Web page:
I think ultimately what you are looking for is an explanation of different ways that SQL Server can be utilized to handle extremely large tables and data sets being replicated across the database server instances. There are multiple approachs to this problem and none of them are a silver bullet, but understanding the basics of each is a good way to make the right architecture choice.
Database sharding is a way to take an enormous data set and partition it into a number of different file groups. These individual filegroups can be stored all on a single server, multiple servers, or better yet through a RAID based Storage Area Network.
The bottom line here is that physical IO performance significantly improves when you are accessing records from only a few physical file groups than from an enormous filegroup in an unsharded dataset.
SQL Server does not have a cheap or easy way to do this out of box, nor do I know of any easy or cheap way to do this with other major database providers. Once you start talking about shards then you are playing a different ball game altogether.
Distributed Partition Views
These enable well partitioned datasets to be accessed in such a way that one would only fetch the necessary records based on your partitioning strategy. There is good information on MSDN about this with SQL Server.
The concept of clustering is to take multiple SQL Server instances as nodes and have them work together on a single database, synchronized so that partitions on different file groups are being read and written to in a way that does not corrupt or damage the data, and in a way that scale up massively.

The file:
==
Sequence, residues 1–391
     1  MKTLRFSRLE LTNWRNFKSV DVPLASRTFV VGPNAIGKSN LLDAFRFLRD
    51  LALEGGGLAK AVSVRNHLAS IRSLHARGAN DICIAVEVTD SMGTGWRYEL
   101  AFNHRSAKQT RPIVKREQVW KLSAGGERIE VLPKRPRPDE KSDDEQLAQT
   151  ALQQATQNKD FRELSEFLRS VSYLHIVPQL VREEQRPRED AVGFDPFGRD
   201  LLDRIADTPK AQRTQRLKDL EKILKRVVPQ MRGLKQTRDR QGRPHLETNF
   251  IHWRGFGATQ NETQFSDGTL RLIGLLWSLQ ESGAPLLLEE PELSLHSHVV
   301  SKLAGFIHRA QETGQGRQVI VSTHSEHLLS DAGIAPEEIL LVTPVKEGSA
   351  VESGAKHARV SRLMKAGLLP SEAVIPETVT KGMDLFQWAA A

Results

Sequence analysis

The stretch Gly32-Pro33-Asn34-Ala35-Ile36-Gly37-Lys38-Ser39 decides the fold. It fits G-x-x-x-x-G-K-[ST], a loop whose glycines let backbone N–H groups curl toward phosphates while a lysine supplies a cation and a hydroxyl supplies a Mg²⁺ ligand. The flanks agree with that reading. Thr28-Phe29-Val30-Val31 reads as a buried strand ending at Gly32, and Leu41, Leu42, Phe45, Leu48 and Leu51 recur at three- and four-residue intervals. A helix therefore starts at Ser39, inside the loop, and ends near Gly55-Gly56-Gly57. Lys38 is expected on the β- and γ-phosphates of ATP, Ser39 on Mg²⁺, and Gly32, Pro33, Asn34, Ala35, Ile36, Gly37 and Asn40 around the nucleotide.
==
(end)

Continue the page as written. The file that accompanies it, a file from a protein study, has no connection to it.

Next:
Peer to Peer Replication
In this setup all database servers have their own instance, and each should be configured to only affect their own little area of the schema. Data is frequently out of date between them and needs to be synced through some outside process and schema changes can be extremely difficult to implement. This is not the ideal way to handle this in your application.
I can't afford distributed partitions and massively scalable active clustering!
So you don't have upwards of a million to drop on some licenses and hardware for massively scalable solutions? There is always the Cloud. Azure and other SQL Server PaaS (Platform as a Service) solution providers can provide you the scalability that you need without the large upfront investment. This is generally the easiest route to go.